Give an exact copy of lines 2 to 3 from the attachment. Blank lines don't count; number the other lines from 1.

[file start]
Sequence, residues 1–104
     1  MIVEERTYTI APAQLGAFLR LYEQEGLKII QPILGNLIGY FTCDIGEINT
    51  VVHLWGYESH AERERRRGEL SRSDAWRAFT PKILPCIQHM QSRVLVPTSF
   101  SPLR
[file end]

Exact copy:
     1  MIVEERTYTI APAQLGAFLR LYEQEGLKII QPILGNLIGY FTCDIGEINT
    51  VVHLWGYESH AERERRRGEL SRSDAWRAFT PKILPCIQHM QSRVLVPTSF